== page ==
By Ed Huyck
By Melissa Wray
By Patrick Strait
By Jonathan McJunkin
By B Fresh Photography
By Ryan Siverson
By Kendra Sundvall
By Ed Huyck
When her phone rang last Monday, Hennepin County assistant public defender Mary Moriarty was trying to tunnel out from the mound of paperwork that had piled up on her desk during a lengthy criminal trial. A jury had acquitted her client, Dameion Robinson, of charges of attempted murder. That, it turned out, was what the caller wanted to talk about.
He had been a member of the jury, he said, and he wanted Moriarty to know that the panel had been troubled by inconsistencies in the testimony presented at trial. The case involved a charge that Robinson had shot two people during an armed robbery in August of 1997. But, the juror told Moriarty, the contradictions that most worried the jurors concerned a related murder, which Robinson was convicted of committing last summer.
The juror detailed some of his doubts: First, there had been testimony indicating that a key piece of evidence in the murder case had been planted--a probability even the prosecutor acknowledged. And then there was the timing of the events following the robbery. Under the state's theory, Robinson was supposed to have been everywhere at the same time--at one point fleeing a crime scene while simultaneously carrying a pit-bull puppy in a heavy kennel. No way, the juror said. Moriarty listened. Those were the points she'd tried to make in the murder case. Why couldn't the jury have felt the same way then?
Ordinarily, a verdict in one crime doesn't say much about a defendant's other legal entanglements. But the two trials of Dameion Robinson held in Hennepin County District Court in the past eight months were inextricably intertwined: Evidence showed that the two crimes were committed with the same gun. It was the same police informant--a man named Johnny Edwards--who fingered Robinson as the murderer and as one of the robbers. And both cases taken together might yet unravel the most tangled, controversial tale the snitch had ever spun.
It all began during the early evening hours of Sunday, August 24, 1997, when three men reported to police that Edwards and an unknown accomplice had shot and robbed two of them. While his companion did the actual shooting, they said, Edwards brandished a gun. A few hours later, Minneapolis police arrested Edwards after a high-speed chase. They were unable to apprehend two other men who jumped from the car and ran. (Edwards lost one leg after a 1994 drive-by shooting.)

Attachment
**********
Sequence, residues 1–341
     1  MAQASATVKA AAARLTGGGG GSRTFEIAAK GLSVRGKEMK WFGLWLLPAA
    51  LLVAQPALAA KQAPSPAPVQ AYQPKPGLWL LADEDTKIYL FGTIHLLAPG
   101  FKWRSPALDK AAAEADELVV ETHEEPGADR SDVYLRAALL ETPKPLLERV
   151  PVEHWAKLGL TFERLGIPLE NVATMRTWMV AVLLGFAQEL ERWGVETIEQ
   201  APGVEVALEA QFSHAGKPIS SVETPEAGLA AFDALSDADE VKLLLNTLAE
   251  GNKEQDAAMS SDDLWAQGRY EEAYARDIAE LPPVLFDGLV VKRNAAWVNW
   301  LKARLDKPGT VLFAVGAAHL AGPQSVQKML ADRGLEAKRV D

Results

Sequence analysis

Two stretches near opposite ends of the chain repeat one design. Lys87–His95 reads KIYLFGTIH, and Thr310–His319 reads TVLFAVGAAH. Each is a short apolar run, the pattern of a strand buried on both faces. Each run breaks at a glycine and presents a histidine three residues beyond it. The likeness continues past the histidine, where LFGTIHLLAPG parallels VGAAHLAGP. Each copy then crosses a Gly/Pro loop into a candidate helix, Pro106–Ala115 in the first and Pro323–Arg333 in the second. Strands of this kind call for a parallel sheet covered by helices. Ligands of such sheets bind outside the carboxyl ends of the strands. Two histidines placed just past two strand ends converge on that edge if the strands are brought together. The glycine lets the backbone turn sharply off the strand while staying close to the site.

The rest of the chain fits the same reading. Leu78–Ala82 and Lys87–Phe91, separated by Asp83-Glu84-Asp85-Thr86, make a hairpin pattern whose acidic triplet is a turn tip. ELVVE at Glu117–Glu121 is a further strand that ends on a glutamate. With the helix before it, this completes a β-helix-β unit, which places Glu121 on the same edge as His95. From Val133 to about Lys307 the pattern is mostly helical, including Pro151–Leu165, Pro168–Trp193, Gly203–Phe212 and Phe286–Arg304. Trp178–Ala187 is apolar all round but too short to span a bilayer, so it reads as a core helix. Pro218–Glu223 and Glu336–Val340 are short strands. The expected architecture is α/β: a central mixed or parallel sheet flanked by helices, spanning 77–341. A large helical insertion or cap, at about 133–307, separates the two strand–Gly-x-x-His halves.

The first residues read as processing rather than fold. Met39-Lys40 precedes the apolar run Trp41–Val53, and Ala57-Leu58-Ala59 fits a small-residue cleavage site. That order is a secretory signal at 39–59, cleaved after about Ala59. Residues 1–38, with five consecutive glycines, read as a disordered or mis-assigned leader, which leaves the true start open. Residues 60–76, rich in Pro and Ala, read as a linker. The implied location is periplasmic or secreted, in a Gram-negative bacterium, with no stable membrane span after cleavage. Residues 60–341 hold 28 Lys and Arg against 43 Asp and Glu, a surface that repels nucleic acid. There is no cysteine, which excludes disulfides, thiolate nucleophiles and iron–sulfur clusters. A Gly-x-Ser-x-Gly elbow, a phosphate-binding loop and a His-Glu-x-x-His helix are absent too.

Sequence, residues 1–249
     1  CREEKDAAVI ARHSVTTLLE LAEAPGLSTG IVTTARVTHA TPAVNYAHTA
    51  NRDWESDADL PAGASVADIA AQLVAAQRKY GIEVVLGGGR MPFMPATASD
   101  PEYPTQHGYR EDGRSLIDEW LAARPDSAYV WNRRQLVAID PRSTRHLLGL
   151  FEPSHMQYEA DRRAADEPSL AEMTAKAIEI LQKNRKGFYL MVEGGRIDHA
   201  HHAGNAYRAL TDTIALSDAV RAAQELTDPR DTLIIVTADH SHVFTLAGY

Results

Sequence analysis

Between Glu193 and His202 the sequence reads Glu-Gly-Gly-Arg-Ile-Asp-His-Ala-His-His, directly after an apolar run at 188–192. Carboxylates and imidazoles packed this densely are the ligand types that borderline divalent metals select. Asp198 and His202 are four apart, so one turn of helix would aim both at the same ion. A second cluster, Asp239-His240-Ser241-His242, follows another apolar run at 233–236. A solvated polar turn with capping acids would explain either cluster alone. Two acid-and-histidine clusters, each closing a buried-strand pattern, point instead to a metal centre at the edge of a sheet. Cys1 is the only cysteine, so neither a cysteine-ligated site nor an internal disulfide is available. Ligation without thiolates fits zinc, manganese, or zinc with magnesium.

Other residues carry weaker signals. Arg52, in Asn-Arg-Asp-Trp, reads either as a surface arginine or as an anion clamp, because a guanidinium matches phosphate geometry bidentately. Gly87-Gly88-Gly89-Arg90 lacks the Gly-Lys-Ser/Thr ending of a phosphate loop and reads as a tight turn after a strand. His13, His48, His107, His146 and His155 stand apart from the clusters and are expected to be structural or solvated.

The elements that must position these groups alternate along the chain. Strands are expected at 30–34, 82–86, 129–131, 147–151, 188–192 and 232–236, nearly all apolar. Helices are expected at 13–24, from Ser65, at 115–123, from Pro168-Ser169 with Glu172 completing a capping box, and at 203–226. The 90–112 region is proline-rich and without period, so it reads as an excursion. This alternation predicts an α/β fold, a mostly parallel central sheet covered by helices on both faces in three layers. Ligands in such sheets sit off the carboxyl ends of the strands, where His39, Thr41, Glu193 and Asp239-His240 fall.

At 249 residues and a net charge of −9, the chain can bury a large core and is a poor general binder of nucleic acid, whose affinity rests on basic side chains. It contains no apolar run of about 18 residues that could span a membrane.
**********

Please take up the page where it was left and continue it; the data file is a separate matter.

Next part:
Edwards had been in sticky legal situations before, but had demonstrated an uncanny ability to extricate himself by turning state's evidence. Court records show some 58 charges against Edwards, including many petty and traffic offenses; none of them has ever gone to trial. His most prominent moment as a witness came in 1995 when, after being arrested for another robbery, he ratted on six reputed leaders of the Rolling 30s Bloods whom prosecutors had tried to nail for years ("Get Out of Jail Free," 1/22/97).
Shortly after Edwards was booked into the Hennepin County jail that August night in 1997, he called one of his contacts at the Hennepin County Attorney's office, who asked that a police investigator go talk to Edwards. He was innocent of the robbery, Edwards told the officer, but he knew who'd committed both that crime and a murder the night before: An acquaintance named Dameion Robinson, who he said had confessed as much to him while riding in his car just hours before. Police could check the slugs found at both crime scenes, Edwards added, and they'd find the robbery and the murder had been committed with the same .25-caliber pistol. Robinson was quickly arrested and charged with both crimes; Edwards's case was turned over to Ramsey County, since Hennepin prosecutors figured his history as an informant presented them with a conflict of interest. The prosecutors across the river decided not to file charges.
When Robinson went on trial in June for the murder, assistant county attorney Mike Furnstahl didn't call Edwards as a witness. Appearances by Edwards in other trials had hurt prosecutors' cases when defense attorneys dissected his background. Moriarty tried to call Edwards herself, but the judge turned her down.
Midway through that trial, Judge Denise Reilly ruled that the state had failed to link Robinson to the murder. But rather than dismiss the case, Reilly took an unusual step: She allowed Furnstahl to present so-called Spriegl evidence--testimony that might convince the jury that Robinson was guilty of the robbery, even though he was not on trial for that crime. Such evidence is not usually permitted because it can prejudice a jury, but an exception is sometimes made when the prosecution's case is too weak to stand on its own. Robinson was convicted of first-degree murder and sentenced to life in prison.